The Most Frequently
Asked Questions

About E-Commerce and Marketing in China

China is the largest e-commerce market globally, generating almost 50 percent of the world’s transactions.

Greater China is the largest market for eCommerce, with a predicted revenue of US$1,487,233.0 million by 2023, placing it ahead of the United States. Payment is expected to show a compound annual growth rate (CAGR 2023-2027) of 12.4%, resulting in a projected market volume of US$2,374,985.2 million by 2027.

China’s most popular e-commerce platforms include Alibaba Group’s Tmall and Taobao,, Douyin (Tiktok), and Pinduoduo.

Chinese consumers shop online for a wide range of products, with preferences for mobile shopping, social media, and live streaming.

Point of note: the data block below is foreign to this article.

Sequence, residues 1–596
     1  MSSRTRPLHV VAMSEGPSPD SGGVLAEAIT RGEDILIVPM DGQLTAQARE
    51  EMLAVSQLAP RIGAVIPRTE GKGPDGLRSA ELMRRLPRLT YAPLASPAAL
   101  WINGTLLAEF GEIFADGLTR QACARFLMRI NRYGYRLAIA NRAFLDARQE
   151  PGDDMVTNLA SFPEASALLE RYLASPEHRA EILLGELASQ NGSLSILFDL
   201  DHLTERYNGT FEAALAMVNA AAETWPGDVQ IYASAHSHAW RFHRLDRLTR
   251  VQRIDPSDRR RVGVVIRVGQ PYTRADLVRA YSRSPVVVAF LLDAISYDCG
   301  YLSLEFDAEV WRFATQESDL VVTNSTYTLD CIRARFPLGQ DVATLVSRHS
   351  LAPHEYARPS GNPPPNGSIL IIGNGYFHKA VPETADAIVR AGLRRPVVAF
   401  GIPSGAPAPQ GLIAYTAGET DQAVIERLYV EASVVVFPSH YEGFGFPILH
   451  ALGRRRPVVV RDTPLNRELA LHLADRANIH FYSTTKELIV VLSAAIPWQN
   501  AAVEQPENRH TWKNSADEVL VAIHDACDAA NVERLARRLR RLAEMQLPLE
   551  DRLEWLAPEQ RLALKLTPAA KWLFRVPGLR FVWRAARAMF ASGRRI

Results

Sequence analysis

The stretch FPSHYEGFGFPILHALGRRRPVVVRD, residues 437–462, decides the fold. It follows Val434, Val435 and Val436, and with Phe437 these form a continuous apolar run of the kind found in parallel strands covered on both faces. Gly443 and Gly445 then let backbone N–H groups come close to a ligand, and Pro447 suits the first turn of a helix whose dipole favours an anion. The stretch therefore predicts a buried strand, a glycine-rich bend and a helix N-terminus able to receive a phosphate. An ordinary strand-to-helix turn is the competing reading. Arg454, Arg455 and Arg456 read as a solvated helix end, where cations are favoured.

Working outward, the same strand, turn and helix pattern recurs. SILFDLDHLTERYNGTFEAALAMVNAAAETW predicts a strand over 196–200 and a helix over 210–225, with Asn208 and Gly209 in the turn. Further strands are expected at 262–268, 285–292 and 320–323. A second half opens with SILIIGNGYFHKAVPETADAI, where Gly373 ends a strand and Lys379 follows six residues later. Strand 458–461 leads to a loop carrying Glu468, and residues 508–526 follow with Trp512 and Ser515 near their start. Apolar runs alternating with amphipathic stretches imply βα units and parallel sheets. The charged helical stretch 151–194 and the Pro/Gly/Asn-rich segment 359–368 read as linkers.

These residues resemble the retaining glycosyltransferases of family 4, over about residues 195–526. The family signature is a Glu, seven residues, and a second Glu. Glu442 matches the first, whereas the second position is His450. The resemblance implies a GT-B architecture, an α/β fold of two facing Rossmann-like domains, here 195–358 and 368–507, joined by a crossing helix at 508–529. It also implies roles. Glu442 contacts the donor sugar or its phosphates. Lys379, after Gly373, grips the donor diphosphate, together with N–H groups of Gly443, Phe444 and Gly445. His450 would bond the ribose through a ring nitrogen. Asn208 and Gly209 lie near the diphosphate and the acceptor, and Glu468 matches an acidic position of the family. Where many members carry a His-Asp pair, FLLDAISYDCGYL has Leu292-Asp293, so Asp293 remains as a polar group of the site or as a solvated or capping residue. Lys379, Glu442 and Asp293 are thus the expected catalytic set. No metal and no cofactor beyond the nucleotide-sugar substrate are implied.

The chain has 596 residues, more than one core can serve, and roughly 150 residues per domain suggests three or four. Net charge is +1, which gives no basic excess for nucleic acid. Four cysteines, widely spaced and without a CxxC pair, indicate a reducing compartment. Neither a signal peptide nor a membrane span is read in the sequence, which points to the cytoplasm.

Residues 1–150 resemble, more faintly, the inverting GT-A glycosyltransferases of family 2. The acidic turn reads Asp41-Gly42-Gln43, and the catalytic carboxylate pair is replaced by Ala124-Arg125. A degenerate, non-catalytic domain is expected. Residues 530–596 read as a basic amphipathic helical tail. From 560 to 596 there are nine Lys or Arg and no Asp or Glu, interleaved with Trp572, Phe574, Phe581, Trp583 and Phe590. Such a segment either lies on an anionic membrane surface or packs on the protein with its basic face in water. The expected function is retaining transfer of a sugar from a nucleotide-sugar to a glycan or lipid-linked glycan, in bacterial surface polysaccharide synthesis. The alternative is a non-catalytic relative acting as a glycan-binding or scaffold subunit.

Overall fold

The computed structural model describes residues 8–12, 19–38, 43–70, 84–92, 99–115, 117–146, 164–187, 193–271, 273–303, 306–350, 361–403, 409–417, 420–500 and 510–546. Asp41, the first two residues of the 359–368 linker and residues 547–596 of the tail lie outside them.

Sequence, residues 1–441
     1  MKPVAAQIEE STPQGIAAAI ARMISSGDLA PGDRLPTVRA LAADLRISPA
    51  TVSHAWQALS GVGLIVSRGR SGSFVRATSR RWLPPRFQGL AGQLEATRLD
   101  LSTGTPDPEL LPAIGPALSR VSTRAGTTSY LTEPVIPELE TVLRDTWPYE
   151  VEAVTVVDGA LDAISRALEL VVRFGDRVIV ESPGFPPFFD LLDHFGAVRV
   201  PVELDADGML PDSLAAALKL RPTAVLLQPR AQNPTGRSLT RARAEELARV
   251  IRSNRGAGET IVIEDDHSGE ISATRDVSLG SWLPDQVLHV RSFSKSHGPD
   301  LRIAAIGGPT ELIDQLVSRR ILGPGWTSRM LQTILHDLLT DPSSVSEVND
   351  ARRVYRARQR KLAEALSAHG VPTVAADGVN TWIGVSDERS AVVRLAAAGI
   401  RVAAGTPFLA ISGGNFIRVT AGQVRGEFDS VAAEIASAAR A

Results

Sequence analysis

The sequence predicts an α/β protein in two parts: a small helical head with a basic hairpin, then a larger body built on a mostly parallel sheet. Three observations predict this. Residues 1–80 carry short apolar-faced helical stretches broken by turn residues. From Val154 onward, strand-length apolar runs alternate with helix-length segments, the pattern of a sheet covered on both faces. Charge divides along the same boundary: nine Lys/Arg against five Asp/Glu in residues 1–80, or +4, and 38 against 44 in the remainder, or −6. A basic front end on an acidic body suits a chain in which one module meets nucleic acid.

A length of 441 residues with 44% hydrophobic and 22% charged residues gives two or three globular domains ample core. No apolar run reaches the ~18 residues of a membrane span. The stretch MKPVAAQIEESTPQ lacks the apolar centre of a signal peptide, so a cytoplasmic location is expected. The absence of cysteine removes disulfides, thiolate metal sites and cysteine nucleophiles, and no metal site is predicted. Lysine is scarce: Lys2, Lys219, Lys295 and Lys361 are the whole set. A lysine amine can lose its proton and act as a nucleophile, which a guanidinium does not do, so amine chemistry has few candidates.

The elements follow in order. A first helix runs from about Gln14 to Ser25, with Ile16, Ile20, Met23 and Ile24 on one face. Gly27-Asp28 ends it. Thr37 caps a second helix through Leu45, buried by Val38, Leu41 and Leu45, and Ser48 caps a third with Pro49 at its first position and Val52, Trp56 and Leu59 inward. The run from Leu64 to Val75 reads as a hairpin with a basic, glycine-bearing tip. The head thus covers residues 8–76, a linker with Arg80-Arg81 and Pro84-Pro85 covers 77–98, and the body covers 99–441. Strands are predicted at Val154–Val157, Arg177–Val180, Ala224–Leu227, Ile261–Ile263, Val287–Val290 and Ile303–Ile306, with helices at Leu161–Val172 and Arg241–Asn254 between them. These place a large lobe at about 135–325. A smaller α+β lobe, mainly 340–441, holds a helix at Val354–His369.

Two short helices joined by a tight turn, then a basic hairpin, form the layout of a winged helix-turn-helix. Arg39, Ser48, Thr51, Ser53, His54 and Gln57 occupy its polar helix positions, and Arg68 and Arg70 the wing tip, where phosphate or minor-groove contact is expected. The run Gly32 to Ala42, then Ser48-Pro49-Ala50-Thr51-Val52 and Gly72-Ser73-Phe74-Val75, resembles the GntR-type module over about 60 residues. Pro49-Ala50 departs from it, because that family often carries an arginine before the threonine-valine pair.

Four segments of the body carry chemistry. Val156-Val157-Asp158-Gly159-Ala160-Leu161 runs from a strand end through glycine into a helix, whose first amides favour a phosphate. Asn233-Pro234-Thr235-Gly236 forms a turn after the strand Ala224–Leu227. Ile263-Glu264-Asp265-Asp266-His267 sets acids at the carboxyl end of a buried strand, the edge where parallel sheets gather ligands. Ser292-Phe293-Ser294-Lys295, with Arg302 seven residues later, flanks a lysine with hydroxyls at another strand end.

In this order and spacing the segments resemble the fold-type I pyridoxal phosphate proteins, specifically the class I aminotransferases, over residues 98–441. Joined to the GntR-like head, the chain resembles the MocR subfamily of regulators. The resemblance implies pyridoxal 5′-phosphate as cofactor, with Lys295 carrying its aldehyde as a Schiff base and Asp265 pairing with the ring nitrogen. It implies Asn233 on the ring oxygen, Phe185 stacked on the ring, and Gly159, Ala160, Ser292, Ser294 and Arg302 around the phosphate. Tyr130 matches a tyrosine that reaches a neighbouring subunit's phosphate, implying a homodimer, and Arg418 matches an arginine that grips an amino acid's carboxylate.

Cross-border e-commerce refers to online sales between businesses and consumers in different countries. CBEC in China enables Chinese consumers to buy products from overseas brands through online platforms.

The Chinese government has specific regulations and policies for cross-border e-commerce, including tax exemptions and import restrictions.

Popular destinations for Chinese cross-border shoppers include Japan, the United States, the United Kingdom, and Germany. However, consumer preferences and trends may vary depending on product category, price, and availability.

Cross-border e-commerce can provide businesses access to a large and growing Chinese consumer market with no need for local compliance or regulation, No need for local company registration or local trademark, payment is through foreign currency instead of RMB, and there’s a seamless turnkey logistic solution.

Most international brands ship their goods to a Chinese bonded warehouse under the supervision of Customs. After customers place orders, the goods are cleared through customs and delivered to the consumer via express delivery from the warehouse.